Bill started writing while still working full-time at the Agency, but after his retirement in 2017, he has devoted the majority of his time to his fiction and, most recently, to his Cold War Spy series.  He claims that this series allows him to combine his twin passions of history and the world of intelligence.  It also provides him with an opportunity to draw on the lessons he learned and things he’s seen over the last 40-plus years and, hopefully, provide readers with a realistic glimpse of what it’s like to live and work in that world. Bill also has a three-book P.I. series set outside Chicago, where he grew up and currently lives with his wife, older daughter, and their two dogs outside Chicago.  He belongs to the Mystery Writers of America, the International Thriller Writers, and the International Association of Crime Writers.

A Turkish Triangle, a quick summary:  It is October 1962, and the Cuban missile crisis has the world on a nuclear edge.  CIA officer Karl Baier is sent to Turkey to investigate the deaths of three Soviet assets, all of whom have either disappeared in the bowels of the KGB headquarters in Moscow or were shot execution style in Ankara and Istanbul.  It isn’t long before Baier realizes that the three deaths are only the tip of an espionage iceberg and part of a much more ambitious Soviet operation to undermine America’s posture and policy in the Middle East, the Caribbean, and beyond.  Before his assignment is over, Baier will face challenges to his mission, his integrity, and his perception and understanding of the people he has spent his career with inside the Agency.  This is the fifth book in the Cold War Thriller series.

What brought you to writing?    I have always loved literature, a term I define as broadly as possible.  In fact, during my undergraduate years, friends were surprised to learn that I was a history major because I spent so much time reading fiction.  During my graduate studies, I found that I occasionally needed a break from reading history, and I was lucky to discover the works of such masters as Raymond Chandler and Ross MacDonald.  Not only did I find those books incredibly enjoyable, but they were also inspiring and challenging.   Once I started dabbling in the world of mysteries and thrillers, I couldn’t stop.  I started with a private eye series, naturally, but soon found that my background in intelligence–and a new publisher–led me to a new series in espionage fiction.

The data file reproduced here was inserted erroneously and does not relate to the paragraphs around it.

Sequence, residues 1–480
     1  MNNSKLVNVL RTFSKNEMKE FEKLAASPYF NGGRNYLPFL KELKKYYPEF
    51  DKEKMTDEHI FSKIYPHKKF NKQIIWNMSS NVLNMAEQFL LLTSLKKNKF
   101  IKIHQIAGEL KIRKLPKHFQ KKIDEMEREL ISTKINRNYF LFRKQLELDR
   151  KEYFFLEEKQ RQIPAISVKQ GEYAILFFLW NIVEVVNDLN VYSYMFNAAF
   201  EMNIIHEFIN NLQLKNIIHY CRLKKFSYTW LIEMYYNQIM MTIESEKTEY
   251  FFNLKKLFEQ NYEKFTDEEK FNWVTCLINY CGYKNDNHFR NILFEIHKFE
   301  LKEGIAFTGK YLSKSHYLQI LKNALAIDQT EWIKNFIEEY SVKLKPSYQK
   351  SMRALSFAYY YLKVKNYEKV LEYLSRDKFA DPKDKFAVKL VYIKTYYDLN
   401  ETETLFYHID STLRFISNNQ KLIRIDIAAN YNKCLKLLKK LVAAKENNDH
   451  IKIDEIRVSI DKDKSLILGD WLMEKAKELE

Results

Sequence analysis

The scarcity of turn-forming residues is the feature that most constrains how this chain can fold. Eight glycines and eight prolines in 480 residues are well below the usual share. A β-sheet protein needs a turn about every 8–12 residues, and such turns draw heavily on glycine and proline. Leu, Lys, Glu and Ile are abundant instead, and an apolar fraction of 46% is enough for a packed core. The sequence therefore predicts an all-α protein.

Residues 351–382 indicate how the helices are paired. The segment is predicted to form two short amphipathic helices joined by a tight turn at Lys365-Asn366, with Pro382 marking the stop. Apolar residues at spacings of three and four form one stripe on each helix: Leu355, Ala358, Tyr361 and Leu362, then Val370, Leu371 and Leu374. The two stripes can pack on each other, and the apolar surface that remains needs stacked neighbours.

What are you currently working on?  A Turkish Triangle is the fifth book in the Cold War series, all of which lead the reader through the 1940s, 50’s, and 60’s as we faced off with several adversaries. but principally the Soviet Union, in a global competition.  The series began in the ruins of postwar Berlin in 1945 and then progresses through such seminal events as the Hungarian revolt and Soviet invasion, the building of the Berlin Wall, and now the Cuban missile crisis.  In the next book, CIA officer Karl Baier–the protagonist throughout the series–is sent to Vietnam in 1964 by then-Director John McCone for his assessment of the developments, challenges, and prospects as Washington prepares to Americanize the war effort.  The Director warns Baier not to get involved in operational activity while on this particular assignment, but, of course, as a prototypical operations officer, Baier cannot resist when he discovers the makings of a budding espionage plot that illustrates the dangers and complexities the US faces in that environment. The new book is tentatively titled Assignment in Saigon.

What kind of research do you do?  Given my background in history, I am already familiar with much of what went on during the Cold War.  However, that information does not suffice for a deep probe into the specific events of the period.  So, I do additional reading before I begin to familiarize myself further with the setting and environment for the story, which fortunately gives me an excuse to buy more history books (which drives my wife crazy).  But then, like most authors, I find it necessary to do a second, more specific round of research as questions arise over individual items and occurrences as the story unfolds.  For example, I often need to find more information on the weapons or automobiles that appear in the story, not to mention the roles of certain historical individuals I introduce.  That is also where I can focus more effectively on the physical world as it existed at the time.

Where do you place your settings – real or fictional locations?  All my locations are real.  I use specific events and crises as the backdrop to the stories to bring the reader to the heart of the Cold War and to help them understand the ambiance, mindset, and perspectives of the period and how the characters react to the challenges of that time.  My publisher was the one to suggest this series, and I readily agreed, noting that there are numerous events during the Cold War that provide an intriguing and exciting setting for the novels.  That also allows me to create stories that stand alone, despite the use of a single protagonist and other characters that often reappear in the various editions.  Each setting and time are unique, which makes for a unique story.